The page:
Now when you got this loan I’m sure you really didn’t think about the fact that you took $640,000 one dollar bills and pushed them across the table on closing day after signing your mortgage documents, But that’s in fact what you did. It wasn’t Monopoly money, it was REAL money. The $325,000 write off is the same thing as having cash stuck in your pocket. This being the case, it almost doesn’t matter how much he charges you to get the job done…unless you are completely flat broke and can’t afford to pay anything (which I highly doubt if you are able to pick up a 640,000 mortgage).

    Again, let’s forget that there will be fees built in to loan itself, the cost of which will in essence be being picked up by your current lender, and figure that the negotiator charges you directly outside of closing for the entirety of his fee. If you are charged 25% of the amount of the reduction negotiated (which would be kinda high) you’d get a bill for $81,250.

    It’s at this point that you have to ask yourself how many opportunities in your life you will have to buy $325,000 with only $81,250. I’m sure after reviewing the numbers you probably wish this type of thing would come across your path every day.

    Remember, it’s not how much something costs but the value being given in exchange for the money that is important. What Bank Negotiators do when you boil it all down is we sell money at a discount AND save people from foreclosure all the same time.

    With the exception of a surgeon who saves someone’s life, there is nothing else out there that has more value than this.

    So the real question you should be asking yourself, my friend, is not “How Much Is This to Cost Me?”, but instead, “Can This Negotiator Actually Get the Job Done?”.

  6. FWJ

    BK,

    I first would like give you a super thanks, I am totally grateful for people like you that spend all the time you have to help others.. its truely inspiring. It makes me want to help others in my postion as well.

    Thanks for all your input…which brings me here….

    1. I Was only suspisious of the fees if they were scammers..I feel scammers dont deserve a penny of my hard earned money.. The fees I spelled out, only worried me if like I said. it was scam… I Will gladly pay if the task at hand can be accomplished.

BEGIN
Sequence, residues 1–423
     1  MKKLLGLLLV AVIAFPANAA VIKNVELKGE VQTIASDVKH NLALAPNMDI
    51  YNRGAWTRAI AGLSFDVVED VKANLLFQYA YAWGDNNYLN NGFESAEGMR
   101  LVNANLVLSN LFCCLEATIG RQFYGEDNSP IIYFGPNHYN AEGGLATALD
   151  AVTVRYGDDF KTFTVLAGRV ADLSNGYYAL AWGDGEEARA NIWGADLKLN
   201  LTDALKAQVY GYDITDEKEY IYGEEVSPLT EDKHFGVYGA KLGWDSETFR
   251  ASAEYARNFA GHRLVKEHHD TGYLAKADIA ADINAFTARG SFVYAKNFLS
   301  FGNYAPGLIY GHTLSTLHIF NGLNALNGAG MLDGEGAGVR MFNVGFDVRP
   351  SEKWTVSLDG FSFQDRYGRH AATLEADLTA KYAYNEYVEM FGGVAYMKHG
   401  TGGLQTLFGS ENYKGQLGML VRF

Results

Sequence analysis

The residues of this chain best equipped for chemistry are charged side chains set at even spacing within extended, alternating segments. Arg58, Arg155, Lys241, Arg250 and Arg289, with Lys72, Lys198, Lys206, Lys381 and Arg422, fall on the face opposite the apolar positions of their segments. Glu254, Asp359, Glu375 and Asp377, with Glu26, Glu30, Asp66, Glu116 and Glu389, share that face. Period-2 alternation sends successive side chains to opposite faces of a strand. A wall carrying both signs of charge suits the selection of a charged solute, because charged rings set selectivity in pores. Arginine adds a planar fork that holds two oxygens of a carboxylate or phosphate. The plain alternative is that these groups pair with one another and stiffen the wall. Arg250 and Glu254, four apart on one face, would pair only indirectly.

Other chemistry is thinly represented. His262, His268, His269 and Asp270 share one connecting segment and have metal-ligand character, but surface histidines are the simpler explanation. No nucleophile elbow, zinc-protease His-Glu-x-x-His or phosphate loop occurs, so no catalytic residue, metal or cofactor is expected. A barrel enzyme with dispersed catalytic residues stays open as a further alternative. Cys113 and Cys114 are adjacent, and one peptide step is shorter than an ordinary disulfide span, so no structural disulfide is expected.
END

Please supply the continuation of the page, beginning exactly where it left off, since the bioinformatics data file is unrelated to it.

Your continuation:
2. Can this, in you opinion be accomlished? Have you worked with Wahovia/World? are they acceptable to short refi/short sales? I was a a good payer before I stopped never a late Fico in the 700’s

    Keep in mind the numbers presented are based on market, Not, just what I am just asking for… it is reality.. there are short sales in my area that never got a single offer and now are sitting REO. continuing to drive prices down yet more.

    3. I already assumed we would have to go FHA Secure program…
    I think they were thinking 95% LTV… or keep it in house with wachovia, but I am not to sure how much they wanna keep any mortgages anymore as I think they are about to be hit heavily with people worried about all their NegAM Option ARMS…Such as mine… my home alone has ~60K in Added NEG AM SUM.

    4. Ultimately I guess the question is should I try to contact the loss mitigation @ wachovia and do something myself or cantact these guys to make it happen? Opinion..? I think I may already have my answer based on what I just asked.. like someone changing their own oil and asking, Where the engine is? But any insite is nice..

    Frank

  7. Frank,
    I would go ahead and try to get a short refi done.

    You can try to call your bank yourself, but they will either a) not know what you are talking about and be greatly confused, b) tell you to find a lender willing to give you the new money for the short refinance, or c) try to get you into a “loan modification” which would be anything from catching up missed payments and tacking them on at the end of the loan to lowering your interest rate to a full-blown in-house short refi.

    You’ll never know if you don’t call them.

    I just posted the first episode in my Short Refinance Bootcamp video series today. You may want to keep tuned as I post these throughout the next 10 days or so.

    Brian

  8. Marlene

    Hey Brian,

    Just started watching your series they are incredibly informative. I have been hunting for information like this for awhile.